Infrastructure, data, business processes and digital services are inextricably connected in today’s large organizations. The next generation of enterprise architecture software, therefore, needs to be capable of mapping all four elements, and doing so on a collaborative, easy to use (for the end-users) platform. Aligning strategy and digital transformation depends on those boxes being ticked.

Here are three suppliers of the types of enterprise architecture software that we feel are up to the task in today’s digitizing enterprises.

VALUEBLUE

Large organizations are like organisms (the roots of both words make that reasonably clear), in that they develop, grow and contract, and are subject to constant change. And because organizations comprise both people and technology, BlueDolphin from ValueBlue is on the money as an EA and strategic change management platform that has a multidisciplinary approach.

By ensuring that there’s a place where the people in the business, its IT provisions (like hard- and software) and data (usually silo-ed) can come together, the results are complete oversight, thanks to a collaborative approach.

Large organizations don’t have the advantage of small businesses, where one person might be capable of keeping track of every part of the company and have a singular strategic goal. Therefore, the BlueDolphin wide-reaching and inclusive approach reaps significant rewards.

Recognizing the inextricable interconnectivity of processes, apps, infrastructure, data and people, BlueDolphin comes with the tools organizations need: application portfolio management, process mapping, infrastructure and data flow tracking, and all in a single, highly usable interface that’s approachable by all stakeholders (not just the EA professionals who understand the specialist terminology). And as strategy, processes and IT change — with consequences on each other — the ValueBlue solutions reflect and adapt, letting you stay in control.

You can read more about BlueDolphin from ValuelBlue here on TechHQ.

SOFTWARE AG

Software AG is a global giant offering the full range of business-centric IT products, and like many companies of its size, it has achieved spectacular growth by means of acquisitions.

In the enterprise architecture space, its product is called Alfabet, which lets companies realign their operations according to overarching strategic imperatives: better customer experiences, more compliant practices, better profit margins, or lowered costs.

Alfabet’s focus is on ensuring the synergy between the IT function and the business, and like many EA technology stacks, that begins with an IT application audit. From there, the capabilities of IT can be used to drive change across the business, and in the process, save significant sums caused by lapsed licenses, over-provision, under-use of expensive services, and so on.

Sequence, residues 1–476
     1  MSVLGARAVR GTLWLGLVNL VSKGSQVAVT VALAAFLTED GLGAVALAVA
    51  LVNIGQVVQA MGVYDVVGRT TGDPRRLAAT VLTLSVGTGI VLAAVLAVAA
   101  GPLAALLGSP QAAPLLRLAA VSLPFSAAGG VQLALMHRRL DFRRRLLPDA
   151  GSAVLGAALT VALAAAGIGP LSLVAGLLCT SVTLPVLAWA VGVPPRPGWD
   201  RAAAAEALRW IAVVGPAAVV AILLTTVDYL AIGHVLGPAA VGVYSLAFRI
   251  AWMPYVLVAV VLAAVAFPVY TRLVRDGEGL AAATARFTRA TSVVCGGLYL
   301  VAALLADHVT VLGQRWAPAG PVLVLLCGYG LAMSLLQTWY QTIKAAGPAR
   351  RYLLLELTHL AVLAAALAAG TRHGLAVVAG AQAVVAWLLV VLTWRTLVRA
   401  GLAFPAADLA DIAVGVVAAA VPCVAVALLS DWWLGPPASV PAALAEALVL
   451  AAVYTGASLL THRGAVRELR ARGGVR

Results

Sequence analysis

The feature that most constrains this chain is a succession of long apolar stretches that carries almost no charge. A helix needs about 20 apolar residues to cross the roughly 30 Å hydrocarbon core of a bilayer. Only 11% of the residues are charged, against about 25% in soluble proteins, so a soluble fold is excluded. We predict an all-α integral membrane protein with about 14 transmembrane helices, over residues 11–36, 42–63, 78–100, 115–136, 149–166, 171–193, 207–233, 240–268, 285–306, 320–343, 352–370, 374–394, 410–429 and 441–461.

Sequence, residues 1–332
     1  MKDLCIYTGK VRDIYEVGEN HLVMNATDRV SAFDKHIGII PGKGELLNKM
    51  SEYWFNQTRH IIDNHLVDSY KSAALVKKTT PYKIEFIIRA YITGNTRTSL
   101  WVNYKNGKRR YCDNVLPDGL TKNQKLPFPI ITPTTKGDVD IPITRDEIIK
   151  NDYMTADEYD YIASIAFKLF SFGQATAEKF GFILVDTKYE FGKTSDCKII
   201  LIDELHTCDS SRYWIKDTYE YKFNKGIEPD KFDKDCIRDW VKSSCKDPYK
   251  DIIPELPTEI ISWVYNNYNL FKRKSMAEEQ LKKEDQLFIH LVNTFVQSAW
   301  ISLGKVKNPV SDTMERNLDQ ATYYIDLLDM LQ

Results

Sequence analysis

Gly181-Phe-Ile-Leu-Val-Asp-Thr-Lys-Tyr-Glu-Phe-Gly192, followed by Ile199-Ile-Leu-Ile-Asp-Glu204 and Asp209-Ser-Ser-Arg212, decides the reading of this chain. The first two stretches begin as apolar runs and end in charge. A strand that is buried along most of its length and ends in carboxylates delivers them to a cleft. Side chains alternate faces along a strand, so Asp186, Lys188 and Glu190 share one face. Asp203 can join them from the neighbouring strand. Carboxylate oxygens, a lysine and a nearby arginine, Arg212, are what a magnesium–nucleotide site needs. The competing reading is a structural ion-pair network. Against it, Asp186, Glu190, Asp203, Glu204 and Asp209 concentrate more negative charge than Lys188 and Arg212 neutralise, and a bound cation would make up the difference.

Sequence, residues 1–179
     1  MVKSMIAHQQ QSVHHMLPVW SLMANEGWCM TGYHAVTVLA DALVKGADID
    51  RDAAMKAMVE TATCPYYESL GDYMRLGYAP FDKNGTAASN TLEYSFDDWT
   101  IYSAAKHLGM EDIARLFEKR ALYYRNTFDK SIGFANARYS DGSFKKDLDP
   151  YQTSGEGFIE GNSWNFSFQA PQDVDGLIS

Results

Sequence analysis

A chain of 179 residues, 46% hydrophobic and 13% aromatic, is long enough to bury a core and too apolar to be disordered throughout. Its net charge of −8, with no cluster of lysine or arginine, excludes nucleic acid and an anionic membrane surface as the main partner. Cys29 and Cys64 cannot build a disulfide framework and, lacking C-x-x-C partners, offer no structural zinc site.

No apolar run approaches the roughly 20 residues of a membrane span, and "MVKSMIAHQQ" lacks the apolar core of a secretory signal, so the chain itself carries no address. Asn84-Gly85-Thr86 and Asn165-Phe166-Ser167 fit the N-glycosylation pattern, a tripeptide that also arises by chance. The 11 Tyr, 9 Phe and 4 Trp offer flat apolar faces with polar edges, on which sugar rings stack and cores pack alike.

Gartner has evaluated the enterprise architecture vendor landscape, and it placed Software AG’s Alfabet in the “leaders” quadrant for 11 consecutive years, up to and including 2018. If that’s the type of recommendation that holds weight for you, click here to read more.

BIZZDESIGN

Right up there with Software AG, BiZZdesign is also among Gartner’s leading vendors. That’s due in part to its approach to developing digital twins of organizations.

Twinning is a concept with its roots in industry, where digital models of (usually) physical processes help companies experiment with proposed changes in controlled environments, before potential real-world (and costly) rollouts.

With the company’s Enterprise Studio and HoriZZon products, BiZZdesign’s solutions create a place where change management and collaboration come together.

The software solutions provide insights into business initiatives and let the enterprise embark on change programs quicker, and with more success. The visualization, analysis, and collaboration capabilities enable a much wider range of stakeholders across the enterprise to gain insight and make more intelligent decisions more quickly.

Like digital twins, results are captured for analysis in real-time, reflecting the shifting nature of the modern, large enterprise. To learn more about this Gartner quadrant leader, click here.

*Some of the companies featured are commercial partners of TechHQ